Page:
4 stars As the collaboration between Thierry Sportouche and Tim Hunter is in stand-by, the duo releases a very cool 4 tracks EP showing a perfect symbiosis. First of all, I suspect Thierry of having been persuasive in the choice of one of the two covers featuring on this maxi CD. 'Avalon', the hit of the 80s, is played here with a rare delicacy and the additional arrangements improve this eternal masterpiece. First of all Thierry's vocals with his meaningful phrasing can let us forget Brian Ferry's voice, as if Thierry had written the lyrics. Then the arrangements. They both borrow from the original ones and propose a great new approach in a marvelous blend. What a good idea this development of the guitar parts on the second half of the song! And it ends with very high quality choirs which enlighten the whole, giving us these shivers we require. Very beautiful! 'Ode ' 'mile', a cover of the eternal standard by the French progressive rock band Ange, follows. Thierry certainly wanted to pay an additional tribute and the song is completely reinvented, except the lyrics of course. A surprise effect is guaranteed because you have to wait for the first words to guess, without having seen the cover, which song it is. A second surprise comes when you realize that the new arrangements carry on throughout the track without ever betraying it. It is, first of all, the interventions of very expressive guitars between the verses and drums giving the rhythm a little out of the way (but with the best effect), then the keyboards chorus with a modern sound while the original version used the classic Ange sound. And always those vocals where Thierry seems to give all the emotion he can, in an exercise where singing in your mother language for your countrymen is a hard challenge while English allows fewer comparisons. The third track gives the title to the EP: 'Concrete Hearts'. I was completely unable to resist. This song could be featured in Genesis' 'Invisible Touch', yes this album where we could imagine Steve Hackett still playing. Am I carried away? The melody is superb, pleasant, soft, mesmerizing, divinely expressed by very slightly set back vocals in order to seem even more present because they harmonize so well with the musical frame. If in the previous song, the end of sentences were stressed, here they are deliberately faded out to confer a slowness which befits marvelously the romanticism of the words. What about the arrangements where the guitar hits the bull's eye in every solo, the keyboard is often discreet but omnipresent and this chorus reminding Tony Banks so much? I invite you to close your eyes during the chorus in the middle of the track and you'll really be able to find the sound of those masters. A feeling you'll also find with Tim's excellent backing vocals. I forget to mention the flutes as an introduction which set the tone for the whole song and this finale in French where we would like so much that the music restarts, but the song is great that way. All the ingredients of progressive to the service of a very beautiful 'pop' song. All masters wrote one, didn't they? Total change of atmosphere with 'Ys', fourth and last track of this EP. Sung by Tim, we have a mid-tempo song which is rather linear and does not require a lot of listening to get into it, a bit like Simple Minds who know so well how to make those songs. An omnipresent but simple guitar riff blend with very modern keyboards arrangements inside a lot of inventiveness. A passage highlighted with marine references always on the same rhythm, a guitar chorus Peter Trewavas would not deny, so meaningful all along the notes. A real success. If you are a lover of assorted music within the same album like me, then this CD is made for you. The amateur of epics with elaborated developments will enjoy this disc a little less but I invite them to forget their prejudice and to taste these four tracks filled with very progressive influences and arrangements.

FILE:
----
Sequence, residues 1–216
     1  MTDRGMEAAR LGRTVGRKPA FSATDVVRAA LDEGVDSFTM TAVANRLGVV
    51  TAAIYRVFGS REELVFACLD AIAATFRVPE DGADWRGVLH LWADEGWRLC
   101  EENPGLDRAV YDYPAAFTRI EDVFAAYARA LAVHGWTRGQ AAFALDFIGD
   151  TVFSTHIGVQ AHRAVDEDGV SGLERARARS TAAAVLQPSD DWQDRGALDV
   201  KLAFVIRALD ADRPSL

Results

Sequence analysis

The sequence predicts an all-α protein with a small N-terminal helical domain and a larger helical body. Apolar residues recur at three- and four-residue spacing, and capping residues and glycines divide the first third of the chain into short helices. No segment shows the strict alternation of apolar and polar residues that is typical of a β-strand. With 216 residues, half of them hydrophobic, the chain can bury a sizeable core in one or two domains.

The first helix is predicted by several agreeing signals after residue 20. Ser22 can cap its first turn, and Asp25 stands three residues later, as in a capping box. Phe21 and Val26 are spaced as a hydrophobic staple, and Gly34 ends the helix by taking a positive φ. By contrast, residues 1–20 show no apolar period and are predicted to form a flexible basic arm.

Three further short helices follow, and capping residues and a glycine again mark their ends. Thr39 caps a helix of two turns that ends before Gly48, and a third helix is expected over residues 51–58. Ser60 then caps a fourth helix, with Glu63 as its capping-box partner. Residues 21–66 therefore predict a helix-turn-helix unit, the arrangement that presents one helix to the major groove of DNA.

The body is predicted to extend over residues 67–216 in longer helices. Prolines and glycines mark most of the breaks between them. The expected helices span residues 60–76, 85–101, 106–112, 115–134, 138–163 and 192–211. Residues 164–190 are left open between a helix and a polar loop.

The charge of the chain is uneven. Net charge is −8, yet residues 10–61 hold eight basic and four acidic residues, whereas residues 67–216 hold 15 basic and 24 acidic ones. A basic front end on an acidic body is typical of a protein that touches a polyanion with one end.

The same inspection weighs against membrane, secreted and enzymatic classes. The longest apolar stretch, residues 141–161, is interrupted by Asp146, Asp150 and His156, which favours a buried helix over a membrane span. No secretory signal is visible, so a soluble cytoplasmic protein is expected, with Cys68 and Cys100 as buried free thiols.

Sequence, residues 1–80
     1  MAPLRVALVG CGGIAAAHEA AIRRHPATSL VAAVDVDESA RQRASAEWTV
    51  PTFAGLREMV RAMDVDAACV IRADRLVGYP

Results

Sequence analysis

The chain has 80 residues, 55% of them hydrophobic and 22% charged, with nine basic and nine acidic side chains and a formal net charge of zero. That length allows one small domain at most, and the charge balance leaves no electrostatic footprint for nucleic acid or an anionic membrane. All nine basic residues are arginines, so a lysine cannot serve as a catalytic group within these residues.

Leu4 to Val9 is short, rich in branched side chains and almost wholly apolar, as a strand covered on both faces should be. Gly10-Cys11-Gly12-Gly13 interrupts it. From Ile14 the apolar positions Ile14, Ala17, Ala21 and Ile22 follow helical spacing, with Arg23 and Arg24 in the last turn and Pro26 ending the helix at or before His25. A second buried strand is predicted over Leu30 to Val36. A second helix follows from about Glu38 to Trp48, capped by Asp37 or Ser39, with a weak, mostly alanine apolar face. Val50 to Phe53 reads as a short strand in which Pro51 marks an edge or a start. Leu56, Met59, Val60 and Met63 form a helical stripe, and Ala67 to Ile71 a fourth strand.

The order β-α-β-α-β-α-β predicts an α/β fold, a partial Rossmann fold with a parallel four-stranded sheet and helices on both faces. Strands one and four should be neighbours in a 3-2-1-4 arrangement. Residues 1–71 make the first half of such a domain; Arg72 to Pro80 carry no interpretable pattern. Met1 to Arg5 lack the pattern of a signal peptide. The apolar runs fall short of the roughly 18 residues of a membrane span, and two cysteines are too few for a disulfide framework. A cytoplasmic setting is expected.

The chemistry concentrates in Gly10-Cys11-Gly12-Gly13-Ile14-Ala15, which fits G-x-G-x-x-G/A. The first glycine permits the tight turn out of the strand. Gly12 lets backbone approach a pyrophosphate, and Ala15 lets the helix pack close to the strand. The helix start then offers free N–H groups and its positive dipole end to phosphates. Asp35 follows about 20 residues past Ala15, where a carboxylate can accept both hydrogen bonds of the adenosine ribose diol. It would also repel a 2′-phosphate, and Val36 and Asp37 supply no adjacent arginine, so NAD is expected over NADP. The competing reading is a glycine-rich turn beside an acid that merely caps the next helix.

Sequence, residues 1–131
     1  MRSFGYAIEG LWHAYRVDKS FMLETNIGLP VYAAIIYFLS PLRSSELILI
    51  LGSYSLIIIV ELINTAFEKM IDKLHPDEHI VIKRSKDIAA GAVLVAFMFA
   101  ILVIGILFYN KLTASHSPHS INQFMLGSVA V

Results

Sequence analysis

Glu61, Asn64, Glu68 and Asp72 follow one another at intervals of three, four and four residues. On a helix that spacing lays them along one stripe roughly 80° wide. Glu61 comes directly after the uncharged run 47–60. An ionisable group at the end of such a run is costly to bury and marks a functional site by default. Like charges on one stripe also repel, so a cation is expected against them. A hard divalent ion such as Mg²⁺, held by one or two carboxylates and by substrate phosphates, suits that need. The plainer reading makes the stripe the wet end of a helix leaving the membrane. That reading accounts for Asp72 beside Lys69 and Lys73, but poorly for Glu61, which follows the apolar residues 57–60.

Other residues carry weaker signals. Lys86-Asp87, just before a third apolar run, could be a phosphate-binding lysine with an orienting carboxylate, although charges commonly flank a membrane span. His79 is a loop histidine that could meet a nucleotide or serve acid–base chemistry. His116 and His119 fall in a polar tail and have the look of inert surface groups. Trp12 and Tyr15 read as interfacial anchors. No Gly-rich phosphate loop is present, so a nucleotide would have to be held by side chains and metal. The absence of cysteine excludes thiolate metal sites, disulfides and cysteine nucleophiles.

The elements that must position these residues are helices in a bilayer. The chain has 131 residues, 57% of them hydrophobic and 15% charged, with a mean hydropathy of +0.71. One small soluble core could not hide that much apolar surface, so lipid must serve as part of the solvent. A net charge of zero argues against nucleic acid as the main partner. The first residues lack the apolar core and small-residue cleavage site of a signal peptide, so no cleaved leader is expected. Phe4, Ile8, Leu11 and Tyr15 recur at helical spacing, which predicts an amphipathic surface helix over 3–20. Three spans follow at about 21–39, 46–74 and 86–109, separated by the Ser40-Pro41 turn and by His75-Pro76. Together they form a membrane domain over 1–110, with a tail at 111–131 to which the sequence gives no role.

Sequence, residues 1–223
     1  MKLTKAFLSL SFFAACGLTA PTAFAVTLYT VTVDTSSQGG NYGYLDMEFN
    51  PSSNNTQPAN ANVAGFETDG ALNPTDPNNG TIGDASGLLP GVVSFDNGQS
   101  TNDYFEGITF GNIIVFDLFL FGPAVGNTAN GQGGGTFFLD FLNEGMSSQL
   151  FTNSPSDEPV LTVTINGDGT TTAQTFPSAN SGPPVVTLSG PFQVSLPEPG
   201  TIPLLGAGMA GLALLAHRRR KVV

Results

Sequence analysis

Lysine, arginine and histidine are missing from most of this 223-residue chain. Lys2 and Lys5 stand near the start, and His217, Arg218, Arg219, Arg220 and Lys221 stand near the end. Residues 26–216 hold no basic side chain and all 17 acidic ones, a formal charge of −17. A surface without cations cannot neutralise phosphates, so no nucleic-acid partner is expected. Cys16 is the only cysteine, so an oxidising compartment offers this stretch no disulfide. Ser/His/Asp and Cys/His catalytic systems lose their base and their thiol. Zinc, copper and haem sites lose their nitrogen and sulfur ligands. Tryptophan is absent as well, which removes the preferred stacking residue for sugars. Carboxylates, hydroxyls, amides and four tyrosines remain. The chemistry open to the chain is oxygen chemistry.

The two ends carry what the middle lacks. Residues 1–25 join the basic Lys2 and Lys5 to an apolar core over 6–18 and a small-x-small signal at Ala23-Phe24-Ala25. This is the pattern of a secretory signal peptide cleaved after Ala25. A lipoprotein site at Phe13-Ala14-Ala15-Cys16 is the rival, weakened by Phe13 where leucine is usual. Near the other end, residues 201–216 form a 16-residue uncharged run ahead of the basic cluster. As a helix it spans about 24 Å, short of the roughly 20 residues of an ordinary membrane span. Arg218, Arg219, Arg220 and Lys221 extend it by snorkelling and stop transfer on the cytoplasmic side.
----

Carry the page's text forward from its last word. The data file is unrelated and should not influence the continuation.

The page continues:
Bonus on Bandcamp 'The King of Sun'. Total change of style once again. This is an attractive track with medieval accents which gets off to a flying start, a hard-hitting sound mass as we usually like. Here a little less delicacy, the vocals becomes intensive in the middle of solid keyboards where the guitars embellish the whole and surprise! A welcome break with the acoustic guitar giving more thickness to the song. And this flute so well placed before those collective vocals, developing the mystery again. But what makes this track so interesting, it is the multitude of musical signatures blend marvelously. But attention, no fawning here, the song has a rather rough approach and deserves several listenings to connect the various parts. Another special mention to the arrangements, especially this jerky bass which inebriates your soul as well as those impressive keyboards. A special mention too to the vocals which, if you listen very well, are not that obvious. Many feelings and atmospheres are expressed throughout the track. And I have to say that this track is very original, maybe not something never heard but almost adventurous, certainly 'presumptuous' but this is a success. Surprising but never disturbing!

Olivier Sauce

Report this review (#1914784)
Posted Monday, April 16, 2018 | Review Permalink